MRI of the spinal cord
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MRI of the spinal cord
A 65-year-old woman presents to the emergency department with acute chronic back pain and lower extremity weakness. She has also had loss of bladder control during the last 8 hours. Sagittal MRI images (Figures 1 and 2) show anterolisthesis of T11 on T12 resulting in severe canal stenosis and kinking of the spinal cord. There is hyperintense signal in the spinal cord at the thoracic level reflecting spondylotic myelopathy versus myelomacia.
This case has been brought to you in partnership with the Journal of Orthopedics for Physician Assistants.
This article originally appeared here.
The patient's MRI and clinical presentation are suggestive of cauda equina syndrome (CES). Pain in the back, buttock, and lower extremities, saddle anesthesia, and loss of bowel and bladder function are classic findings. Urinary retention or incontinence are often found...
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The patient’s MRI and clinical presentation are suggestive of cauda equina syndrome (CES). Pain in the back, buttock, and lower extremities, saddle anesthesia, and loss of bowel and bladder function are classic findings. Urinary retention or incontinence are often found in early CES, with retention generally preceding incontinence. Physical exam findings may vary depending on the severity of CES. A careful rectal exam helps make the diagnosis, as poor anal sphincter tone is a characteristic finding.1,2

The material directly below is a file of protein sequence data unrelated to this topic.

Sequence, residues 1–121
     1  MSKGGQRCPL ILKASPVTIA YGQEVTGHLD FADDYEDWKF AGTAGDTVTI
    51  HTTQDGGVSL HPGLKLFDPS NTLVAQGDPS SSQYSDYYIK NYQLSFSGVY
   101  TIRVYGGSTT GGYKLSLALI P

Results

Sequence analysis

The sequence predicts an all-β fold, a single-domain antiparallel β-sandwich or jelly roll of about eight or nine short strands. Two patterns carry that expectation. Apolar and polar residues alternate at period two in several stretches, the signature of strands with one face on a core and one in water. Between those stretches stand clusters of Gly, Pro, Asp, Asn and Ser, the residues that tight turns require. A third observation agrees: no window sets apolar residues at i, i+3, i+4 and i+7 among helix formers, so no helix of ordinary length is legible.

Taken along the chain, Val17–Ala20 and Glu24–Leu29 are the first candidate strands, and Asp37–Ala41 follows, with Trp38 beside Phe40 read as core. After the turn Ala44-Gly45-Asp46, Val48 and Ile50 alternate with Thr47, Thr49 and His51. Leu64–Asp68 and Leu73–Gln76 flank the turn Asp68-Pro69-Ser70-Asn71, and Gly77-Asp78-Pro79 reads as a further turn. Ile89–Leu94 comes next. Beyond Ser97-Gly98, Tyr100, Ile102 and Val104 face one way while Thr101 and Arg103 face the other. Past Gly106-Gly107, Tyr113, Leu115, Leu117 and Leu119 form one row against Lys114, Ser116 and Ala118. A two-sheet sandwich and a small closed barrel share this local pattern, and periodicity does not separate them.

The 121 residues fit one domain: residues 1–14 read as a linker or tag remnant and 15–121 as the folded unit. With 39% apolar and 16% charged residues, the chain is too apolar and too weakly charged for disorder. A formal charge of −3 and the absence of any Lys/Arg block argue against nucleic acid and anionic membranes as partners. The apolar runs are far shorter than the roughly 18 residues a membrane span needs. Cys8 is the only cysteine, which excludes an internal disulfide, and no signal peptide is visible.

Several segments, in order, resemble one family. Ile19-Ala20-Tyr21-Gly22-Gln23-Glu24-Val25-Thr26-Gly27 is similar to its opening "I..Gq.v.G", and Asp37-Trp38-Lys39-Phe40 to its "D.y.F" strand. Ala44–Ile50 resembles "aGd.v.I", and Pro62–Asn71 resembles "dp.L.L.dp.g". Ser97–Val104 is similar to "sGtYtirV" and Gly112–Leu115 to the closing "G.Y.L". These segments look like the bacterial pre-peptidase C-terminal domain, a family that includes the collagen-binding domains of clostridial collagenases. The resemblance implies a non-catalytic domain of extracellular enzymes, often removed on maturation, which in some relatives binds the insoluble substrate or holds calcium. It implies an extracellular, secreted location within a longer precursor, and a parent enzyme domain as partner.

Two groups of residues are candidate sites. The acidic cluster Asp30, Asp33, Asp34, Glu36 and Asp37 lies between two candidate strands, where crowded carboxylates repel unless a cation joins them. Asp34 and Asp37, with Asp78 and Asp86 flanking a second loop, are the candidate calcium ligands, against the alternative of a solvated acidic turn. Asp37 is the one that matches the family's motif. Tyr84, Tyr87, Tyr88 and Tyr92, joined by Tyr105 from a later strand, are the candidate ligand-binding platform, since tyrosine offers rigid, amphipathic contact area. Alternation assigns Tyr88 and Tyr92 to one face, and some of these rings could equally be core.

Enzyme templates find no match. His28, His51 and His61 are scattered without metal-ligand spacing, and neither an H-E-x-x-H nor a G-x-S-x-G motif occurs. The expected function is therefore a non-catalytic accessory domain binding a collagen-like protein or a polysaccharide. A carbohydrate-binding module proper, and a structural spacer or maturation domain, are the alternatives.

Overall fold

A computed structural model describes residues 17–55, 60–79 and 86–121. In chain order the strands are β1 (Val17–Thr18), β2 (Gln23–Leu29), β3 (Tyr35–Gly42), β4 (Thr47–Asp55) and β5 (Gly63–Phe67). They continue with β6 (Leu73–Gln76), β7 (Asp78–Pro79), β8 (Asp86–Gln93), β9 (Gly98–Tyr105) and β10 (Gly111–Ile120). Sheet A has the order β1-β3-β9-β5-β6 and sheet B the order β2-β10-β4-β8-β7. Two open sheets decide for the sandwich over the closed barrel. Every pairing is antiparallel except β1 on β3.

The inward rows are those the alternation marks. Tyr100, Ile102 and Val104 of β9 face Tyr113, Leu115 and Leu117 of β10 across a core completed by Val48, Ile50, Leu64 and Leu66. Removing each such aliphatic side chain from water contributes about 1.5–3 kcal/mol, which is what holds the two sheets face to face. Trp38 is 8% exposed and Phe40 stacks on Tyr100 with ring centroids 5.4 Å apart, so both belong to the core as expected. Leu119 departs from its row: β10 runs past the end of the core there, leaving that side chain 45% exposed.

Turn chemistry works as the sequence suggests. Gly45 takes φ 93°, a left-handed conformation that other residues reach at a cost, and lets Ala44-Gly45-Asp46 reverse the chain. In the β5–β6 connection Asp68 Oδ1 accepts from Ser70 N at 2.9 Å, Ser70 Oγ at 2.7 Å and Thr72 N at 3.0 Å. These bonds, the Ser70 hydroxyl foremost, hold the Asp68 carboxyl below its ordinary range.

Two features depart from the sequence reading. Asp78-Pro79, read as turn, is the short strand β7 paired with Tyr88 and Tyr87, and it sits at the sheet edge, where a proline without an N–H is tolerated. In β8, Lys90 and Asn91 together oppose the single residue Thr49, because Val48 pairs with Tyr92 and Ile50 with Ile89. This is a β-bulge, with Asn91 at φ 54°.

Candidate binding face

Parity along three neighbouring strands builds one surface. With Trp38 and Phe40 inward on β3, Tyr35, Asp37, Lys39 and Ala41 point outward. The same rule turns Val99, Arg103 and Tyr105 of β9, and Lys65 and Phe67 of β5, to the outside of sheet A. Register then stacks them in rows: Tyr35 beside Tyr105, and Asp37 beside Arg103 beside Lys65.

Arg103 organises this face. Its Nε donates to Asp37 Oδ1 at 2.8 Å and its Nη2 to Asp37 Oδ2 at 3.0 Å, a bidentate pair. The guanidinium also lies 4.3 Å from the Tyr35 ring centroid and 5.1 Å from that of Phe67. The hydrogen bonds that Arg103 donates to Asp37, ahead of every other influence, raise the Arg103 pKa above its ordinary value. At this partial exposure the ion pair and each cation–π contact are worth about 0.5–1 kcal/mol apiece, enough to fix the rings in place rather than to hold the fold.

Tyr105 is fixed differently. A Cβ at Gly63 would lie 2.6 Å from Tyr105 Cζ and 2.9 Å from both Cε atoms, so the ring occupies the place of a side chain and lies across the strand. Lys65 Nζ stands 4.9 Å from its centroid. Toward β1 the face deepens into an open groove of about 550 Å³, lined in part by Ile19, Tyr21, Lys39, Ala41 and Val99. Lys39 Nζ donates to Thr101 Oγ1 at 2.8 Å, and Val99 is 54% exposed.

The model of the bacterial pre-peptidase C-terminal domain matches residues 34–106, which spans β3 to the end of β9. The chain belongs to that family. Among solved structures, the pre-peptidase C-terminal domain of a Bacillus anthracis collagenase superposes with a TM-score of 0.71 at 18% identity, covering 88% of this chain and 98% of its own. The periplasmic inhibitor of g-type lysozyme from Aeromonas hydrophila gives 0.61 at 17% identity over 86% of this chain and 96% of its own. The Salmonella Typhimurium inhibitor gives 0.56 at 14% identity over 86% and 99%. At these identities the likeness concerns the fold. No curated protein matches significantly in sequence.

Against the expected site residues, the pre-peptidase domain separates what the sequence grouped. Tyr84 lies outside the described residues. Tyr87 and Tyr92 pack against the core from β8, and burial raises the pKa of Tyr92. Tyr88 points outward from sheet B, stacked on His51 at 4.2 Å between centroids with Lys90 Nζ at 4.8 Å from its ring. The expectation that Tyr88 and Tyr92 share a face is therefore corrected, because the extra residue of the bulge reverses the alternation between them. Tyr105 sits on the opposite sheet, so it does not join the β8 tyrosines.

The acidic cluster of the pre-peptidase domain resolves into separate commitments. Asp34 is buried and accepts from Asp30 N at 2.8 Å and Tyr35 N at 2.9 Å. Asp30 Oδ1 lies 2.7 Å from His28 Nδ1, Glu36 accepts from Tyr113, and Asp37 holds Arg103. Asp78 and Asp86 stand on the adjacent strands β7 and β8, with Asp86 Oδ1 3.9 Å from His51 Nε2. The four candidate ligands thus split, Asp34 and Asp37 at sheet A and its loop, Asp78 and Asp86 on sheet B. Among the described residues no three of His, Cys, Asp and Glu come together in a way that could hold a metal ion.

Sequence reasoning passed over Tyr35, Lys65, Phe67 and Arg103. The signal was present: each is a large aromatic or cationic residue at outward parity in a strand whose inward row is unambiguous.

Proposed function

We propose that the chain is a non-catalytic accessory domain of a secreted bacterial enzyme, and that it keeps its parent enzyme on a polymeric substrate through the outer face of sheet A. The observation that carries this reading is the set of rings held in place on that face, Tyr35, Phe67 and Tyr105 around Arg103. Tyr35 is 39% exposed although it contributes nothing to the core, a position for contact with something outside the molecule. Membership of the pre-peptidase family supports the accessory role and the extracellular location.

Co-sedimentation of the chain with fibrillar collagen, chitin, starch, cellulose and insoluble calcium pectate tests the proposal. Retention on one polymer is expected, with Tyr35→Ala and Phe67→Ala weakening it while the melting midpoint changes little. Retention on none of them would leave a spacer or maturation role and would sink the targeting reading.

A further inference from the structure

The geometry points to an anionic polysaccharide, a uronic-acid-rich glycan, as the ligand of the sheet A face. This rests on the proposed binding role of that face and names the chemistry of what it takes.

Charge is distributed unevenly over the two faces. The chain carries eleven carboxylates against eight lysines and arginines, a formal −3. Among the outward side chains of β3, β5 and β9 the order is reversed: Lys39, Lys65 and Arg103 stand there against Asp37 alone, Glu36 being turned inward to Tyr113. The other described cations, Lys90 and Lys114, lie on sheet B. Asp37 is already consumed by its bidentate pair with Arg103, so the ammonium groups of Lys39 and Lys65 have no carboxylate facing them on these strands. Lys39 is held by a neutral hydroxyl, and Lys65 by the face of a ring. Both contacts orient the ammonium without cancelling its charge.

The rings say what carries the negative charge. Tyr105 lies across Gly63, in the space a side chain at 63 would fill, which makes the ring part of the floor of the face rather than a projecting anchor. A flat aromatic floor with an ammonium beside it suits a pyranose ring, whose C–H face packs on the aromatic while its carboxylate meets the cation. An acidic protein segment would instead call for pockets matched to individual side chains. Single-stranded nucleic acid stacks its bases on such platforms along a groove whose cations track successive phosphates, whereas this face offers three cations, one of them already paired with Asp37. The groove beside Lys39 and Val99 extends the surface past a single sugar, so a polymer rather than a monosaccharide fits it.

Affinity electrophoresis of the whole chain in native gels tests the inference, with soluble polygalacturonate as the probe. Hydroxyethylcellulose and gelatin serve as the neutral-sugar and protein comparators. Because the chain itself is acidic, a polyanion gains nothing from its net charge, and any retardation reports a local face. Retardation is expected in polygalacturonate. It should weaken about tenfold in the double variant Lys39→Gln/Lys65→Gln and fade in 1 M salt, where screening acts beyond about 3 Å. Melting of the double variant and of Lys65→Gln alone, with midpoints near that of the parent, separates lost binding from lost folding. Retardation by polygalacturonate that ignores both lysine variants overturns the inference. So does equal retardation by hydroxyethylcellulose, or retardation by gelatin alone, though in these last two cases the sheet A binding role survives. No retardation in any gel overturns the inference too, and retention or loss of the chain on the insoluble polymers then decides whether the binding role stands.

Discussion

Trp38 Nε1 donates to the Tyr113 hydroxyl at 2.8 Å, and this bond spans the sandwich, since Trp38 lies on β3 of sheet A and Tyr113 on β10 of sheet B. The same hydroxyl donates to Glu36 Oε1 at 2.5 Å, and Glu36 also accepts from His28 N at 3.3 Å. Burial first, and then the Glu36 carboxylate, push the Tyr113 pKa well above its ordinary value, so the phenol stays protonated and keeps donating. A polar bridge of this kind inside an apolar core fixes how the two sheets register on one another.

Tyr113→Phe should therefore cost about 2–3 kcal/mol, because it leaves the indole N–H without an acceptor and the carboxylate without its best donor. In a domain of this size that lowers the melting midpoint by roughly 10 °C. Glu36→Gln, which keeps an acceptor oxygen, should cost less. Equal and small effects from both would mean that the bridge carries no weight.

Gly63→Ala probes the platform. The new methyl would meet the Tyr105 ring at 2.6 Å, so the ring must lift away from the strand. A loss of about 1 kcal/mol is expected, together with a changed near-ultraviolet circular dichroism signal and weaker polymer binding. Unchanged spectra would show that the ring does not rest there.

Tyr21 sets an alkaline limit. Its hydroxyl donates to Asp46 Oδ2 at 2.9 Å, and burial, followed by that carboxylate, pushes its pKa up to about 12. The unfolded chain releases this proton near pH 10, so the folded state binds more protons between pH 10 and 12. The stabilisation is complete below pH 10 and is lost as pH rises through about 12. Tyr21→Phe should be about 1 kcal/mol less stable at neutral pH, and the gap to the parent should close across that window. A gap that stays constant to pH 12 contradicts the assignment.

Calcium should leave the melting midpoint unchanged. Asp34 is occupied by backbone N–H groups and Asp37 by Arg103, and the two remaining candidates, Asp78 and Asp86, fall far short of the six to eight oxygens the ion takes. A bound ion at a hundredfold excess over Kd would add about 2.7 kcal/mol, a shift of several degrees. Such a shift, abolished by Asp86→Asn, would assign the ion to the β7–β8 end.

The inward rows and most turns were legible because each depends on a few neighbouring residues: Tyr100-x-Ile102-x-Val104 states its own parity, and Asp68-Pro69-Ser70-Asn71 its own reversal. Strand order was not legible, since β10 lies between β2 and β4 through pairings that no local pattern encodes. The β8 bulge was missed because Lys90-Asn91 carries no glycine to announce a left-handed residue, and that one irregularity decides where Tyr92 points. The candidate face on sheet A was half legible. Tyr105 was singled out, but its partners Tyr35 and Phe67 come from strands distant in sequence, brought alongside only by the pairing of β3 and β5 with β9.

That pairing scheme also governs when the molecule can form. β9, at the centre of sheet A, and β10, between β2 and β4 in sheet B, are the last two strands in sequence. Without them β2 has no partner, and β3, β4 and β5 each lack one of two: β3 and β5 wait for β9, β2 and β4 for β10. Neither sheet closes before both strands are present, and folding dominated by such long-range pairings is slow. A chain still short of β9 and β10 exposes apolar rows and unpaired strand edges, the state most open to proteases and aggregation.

The most devastating consequences of CES can be permanent loss of bowel, bladder, and sexual function. Patients presenting with CES should be treated with an urgent surgical decompression within 48 hours of symptom onset. Patients treated within 48 hours of onset of symptoms were found to have improved sensory and motor recovery as well as urinary and rectal function compared with those treated after 48 hours. There is no difference in neurologic recovery between patients treated within 24 hours and those treated within 48 hours. Neurologic recovery generally occurs during the 4-month to 13-month postoperative period, although improvements have been seen up to 2 to 3 years. Urinary incontinence and loss of bowel control are more likely to improve than sexual dysfunction. Perianal numbness is generally the last deficit to recover and the most likely to persist permanently. Chronic back pain, pre-operative rectal dysfunction, and increasing age are poor prognostic indicators for clinical improvement postoperatively.1,2
Dagan Cloutier, MPAS, PA-C, practices in a multispecialty orthopedic group in the southern New Hampshire region and is editor-in-chief of the Journal of Orthopedics for Physician Assistants (JOPA).
- Dhatt S, Tahasildar N, Tripathy SK, Bahadur R, Dhillon M. Outcome of spinal decompression in cauda equina syndrome presenting late in developing countries: case series of 50 cases. Eur Spine J. 2011;20:2235-2239.
- Ahn UM, Ahn NU, Buchowski JM, Garrett ES, Sieber AN, Kostuik JP. Cauda equina syndrome secondary to lumbar disc herniation: a meta-analysis of surgical outcomes. Spine (Phila Pa 1976). 2000;25:1515-1522.